Yesterday, President Obama and the Congressional Republican leadership agreed on a two year extension of the Bush-era tax cuts. It’s not entirely a done deal — Bernie Sanders, Senator from Vermont, has threatened a filibuster, and the deal still has to be sold to wary Democratic legislators, some of whom were willing to take Paul Krugman’s advice and let the Bush tax cuts expire, then deal with the issue with a blank slate in the new Congress.
I’ll be honest. I’m with Chuck Schumer and Bernie Sanders — as I’ve consistently said for over a year now, letting the Bush tax cuts expire is the right move. Keeping the unsustainable tax rates in place kicks the can — the day of reckoning — down the street. Look at what’s happening to Ireland right now. That’s us. Putting our own house in order should be some sort of priority. OUr tax rates, no matter how much the tea partiers who scream “We’re taxed enough already!” claim, are at their lowest level in sixty years,” only we now expect more from our government, like Medicare and student loans, than we did sixty years ago.
Yes, I’ve read some rational justifications for the tax cut package that Obama and the Republicans worked out yesterday. The Washington Post‘s Ezra Klein makes the case that the package is not only stimulative to the economy but also shows that Obama and the Republicans can work together and compromise, which is a hopeful sign for the next two years of divided government. The problem with Klein’s conclusion is that I’m having a very difficult time seeing what the Republicans gave up; they got an extension of the Bush-era tax cuts until 2012, and they got things they didn’t ask for, like an estate tax cut and a Social Security tax cut. (Bruce Bartlett explains why a payroll tax cut, even a so-called temporary one, is a really bad idea.
No, my feeling on this tax cut package, and yes, it’s influenced by my feeling on the Bush tax cuts in general — that they were a giveaway to the rich, that they increased economic inequality, that they were budget busters to no good end, that they were ultimately destructive to the American economy and way of life — is much closer to Cenk Uygar’s:
Though, perhaps, not as animated.
The Democrats had a winning issue. Polls showed that the majority of the American people didn’t want the Bush tax cuts extended for all income groups. Democrats could have held votes on the tax cuts before the midterm elections, to draw a brightline between themselves and the Republicans. They didn’t, for whatever reason. Klein thinks that these tax cuts will be a winning issue for Democrats in the 2012 election, but it’s difficult to really believe that, not when the Democratic leadership — and yes, that includes the man in the bully pulpit himself, Barack Obama — bungled the issue this time around.
And maybe that’s the problem. The bully pulpit. Barack Obama hasn’t effectively filled it. He hasn’t effectively made a case to the American people for any of his signature policies. Polls showed that Americans wanted health care reform. Polls show that Americans actually like the individual planks of the health care reform bill that was passed earlier in the year. But Obama didn’t really go out and fight for it. The leadership from the bully pulpit wasn’t there. As Jon Stewart said a few months ago, Obama campaigned like a visionary, but he governs like a functionary. He spends too much time blurring lines, not drawing them.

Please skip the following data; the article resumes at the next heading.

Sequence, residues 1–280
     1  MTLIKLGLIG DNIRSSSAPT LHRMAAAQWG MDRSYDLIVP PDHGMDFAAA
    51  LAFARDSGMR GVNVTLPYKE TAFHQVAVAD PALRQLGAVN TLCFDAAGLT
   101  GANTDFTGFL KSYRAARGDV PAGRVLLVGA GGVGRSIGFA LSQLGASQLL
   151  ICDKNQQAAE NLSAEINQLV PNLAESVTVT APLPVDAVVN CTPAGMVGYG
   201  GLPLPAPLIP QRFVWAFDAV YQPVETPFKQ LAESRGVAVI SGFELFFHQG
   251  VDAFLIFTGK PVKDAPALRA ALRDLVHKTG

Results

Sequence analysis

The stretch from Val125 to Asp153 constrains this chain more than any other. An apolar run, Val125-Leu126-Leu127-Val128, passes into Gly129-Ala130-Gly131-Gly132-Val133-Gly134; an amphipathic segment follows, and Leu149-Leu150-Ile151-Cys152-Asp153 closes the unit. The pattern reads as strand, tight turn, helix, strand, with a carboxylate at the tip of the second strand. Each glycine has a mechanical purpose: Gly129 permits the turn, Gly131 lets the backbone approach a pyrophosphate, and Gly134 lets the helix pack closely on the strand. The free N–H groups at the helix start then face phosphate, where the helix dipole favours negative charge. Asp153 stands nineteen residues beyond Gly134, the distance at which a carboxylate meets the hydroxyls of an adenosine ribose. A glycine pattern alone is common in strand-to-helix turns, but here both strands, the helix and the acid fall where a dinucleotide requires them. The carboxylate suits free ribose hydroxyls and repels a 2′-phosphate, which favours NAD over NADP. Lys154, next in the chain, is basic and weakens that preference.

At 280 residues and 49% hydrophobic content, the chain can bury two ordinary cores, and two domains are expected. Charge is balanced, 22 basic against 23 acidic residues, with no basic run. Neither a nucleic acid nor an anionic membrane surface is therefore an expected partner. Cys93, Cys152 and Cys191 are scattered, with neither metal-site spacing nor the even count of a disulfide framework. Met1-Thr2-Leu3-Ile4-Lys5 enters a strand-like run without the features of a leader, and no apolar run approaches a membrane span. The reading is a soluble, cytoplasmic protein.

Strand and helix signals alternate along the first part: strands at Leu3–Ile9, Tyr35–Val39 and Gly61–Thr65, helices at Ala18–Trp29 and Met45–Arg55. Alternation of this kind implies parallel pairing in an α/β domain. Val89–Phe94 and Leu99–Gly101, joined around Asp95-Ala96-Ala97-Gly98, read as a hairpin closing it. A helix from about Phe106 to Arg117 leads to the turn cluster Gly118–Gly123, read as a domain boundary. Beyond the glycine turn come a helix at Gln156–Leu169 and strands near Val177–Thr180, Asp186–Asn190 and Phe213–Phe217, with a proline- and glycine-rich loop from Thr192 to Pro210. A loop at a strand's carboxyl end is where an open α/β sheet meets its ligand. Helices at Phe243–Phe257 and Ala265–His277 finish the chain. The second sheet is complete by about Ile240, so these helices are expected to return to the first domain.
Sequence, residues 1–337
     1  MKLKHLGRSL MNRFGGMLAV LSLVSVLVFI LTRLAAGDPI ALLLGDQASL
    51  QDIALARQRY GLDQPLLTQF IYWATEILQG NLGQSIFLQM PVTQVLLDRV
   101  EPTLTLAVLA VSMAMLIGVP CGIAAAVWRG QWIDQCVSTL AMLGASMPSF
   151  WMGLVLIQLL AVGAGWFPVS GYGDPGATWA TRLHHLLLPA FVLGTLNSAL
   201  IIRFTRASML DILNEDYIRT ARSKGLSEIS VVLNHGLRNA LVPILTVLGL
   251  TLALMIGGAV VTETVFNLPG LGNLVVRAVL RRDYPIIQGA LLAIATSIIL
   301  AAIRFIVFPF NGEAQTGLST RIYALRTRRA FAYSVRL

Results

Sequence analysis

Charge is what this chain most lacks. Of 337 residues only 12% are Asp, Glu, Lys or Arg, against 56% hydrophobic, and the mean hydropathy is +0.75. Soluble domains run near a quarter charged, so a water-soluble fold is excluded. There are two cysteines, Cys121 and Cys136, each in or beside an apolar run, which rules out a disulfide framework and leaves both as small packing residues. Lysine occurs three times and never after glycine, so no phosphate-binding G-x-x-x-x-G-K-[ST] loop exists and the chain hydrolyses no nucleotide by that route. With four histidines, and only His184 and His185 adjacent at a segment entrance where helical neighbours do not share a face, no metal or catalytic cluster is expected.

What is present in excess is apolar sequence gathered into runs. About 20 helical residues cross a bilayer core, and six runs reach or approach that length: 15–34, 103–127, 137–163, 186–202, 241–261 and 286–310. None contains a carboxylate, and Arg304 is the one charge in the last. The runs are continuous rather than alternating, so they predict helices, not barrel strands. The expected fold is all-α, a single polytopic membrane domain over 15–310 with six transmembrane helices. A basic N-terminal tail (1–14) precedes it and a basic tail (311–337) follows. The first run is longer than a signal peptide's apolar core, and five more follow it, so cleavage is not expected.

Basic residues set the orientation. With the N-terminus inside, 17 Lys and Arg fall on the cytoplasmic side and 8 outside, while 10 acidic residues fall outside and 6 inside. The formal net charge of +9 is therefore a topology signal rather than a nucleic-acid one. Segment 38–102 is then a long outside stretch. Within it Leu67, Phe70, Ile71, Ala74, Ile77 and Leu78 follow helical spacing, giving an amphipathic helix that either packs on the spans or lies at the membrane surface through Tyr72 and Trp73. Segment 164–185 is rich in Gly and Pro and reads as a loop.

I’m not happy about this tax cut package. Nor am I anxious for the next two years, if Obama’s idea of compromise with the Republicans is capitulation.
ETA: To elaborate on some pre-coffee fuzzy thoughts from this morning’s post…
A few months ago, President Obama’s spokesman Robert Gibbs complained about “the professional left” and how nothing Obama did ever satisfied them.
I’ve often heard it said that “politics is the art of the possible,” something Otto von Bismark, who knew a thing or two about politics, knew all too well. But you don’t know what’s possible unless you try.
That, in a nutshell, is the problem. The perception of Obama that Gibbs’ “professional left” has is that Obama doesn’t try. And it’s not an unfair perception.
Quiet, calm leadership is fine. In these troubled and deeply partisan time, it’s actually welcome.
But when positions forcefully articulated are quietly and meekly cast aside — the public option in health care reform, no extension of the Bush tax cuts for those earning over 250k — it’s no wonder there’s disillusionment from Obama’s base on the left.
He’s not even making a show of trying.
This tax cut deal wasn’t a surrender. It was a capitulation; Obama gave up more than the Republicans ever said they wanted, with his only real gain a 13-month unemployment funding extension (but no additional tiers), and the stimulative effect that’s been touted is likely to be chimerical.
Why shouldn’t the “professional left” be appalled? Why should the “professional left” continue to support Obama? If Obama is so unwilling to take a stand on his own positions, to show some fight for what he believes in, why should any American think that he will ever stand up for them?
Ezra Klein think that Obama lost this battle to win the war in 2012. I can’t see this as anything but a disaster on the political battlefield. The Republican narrative, that Obama is a weak president, is only strengthened and entrenched by yesterday’s event. In other words, Obama has made the Republican case for 2012 that much stronger, and he’s increased the odds that he will be a one-term president.
This is why, despite reasoned and reasonable justificiation, Obama’s tax cut capitulation rankles me so.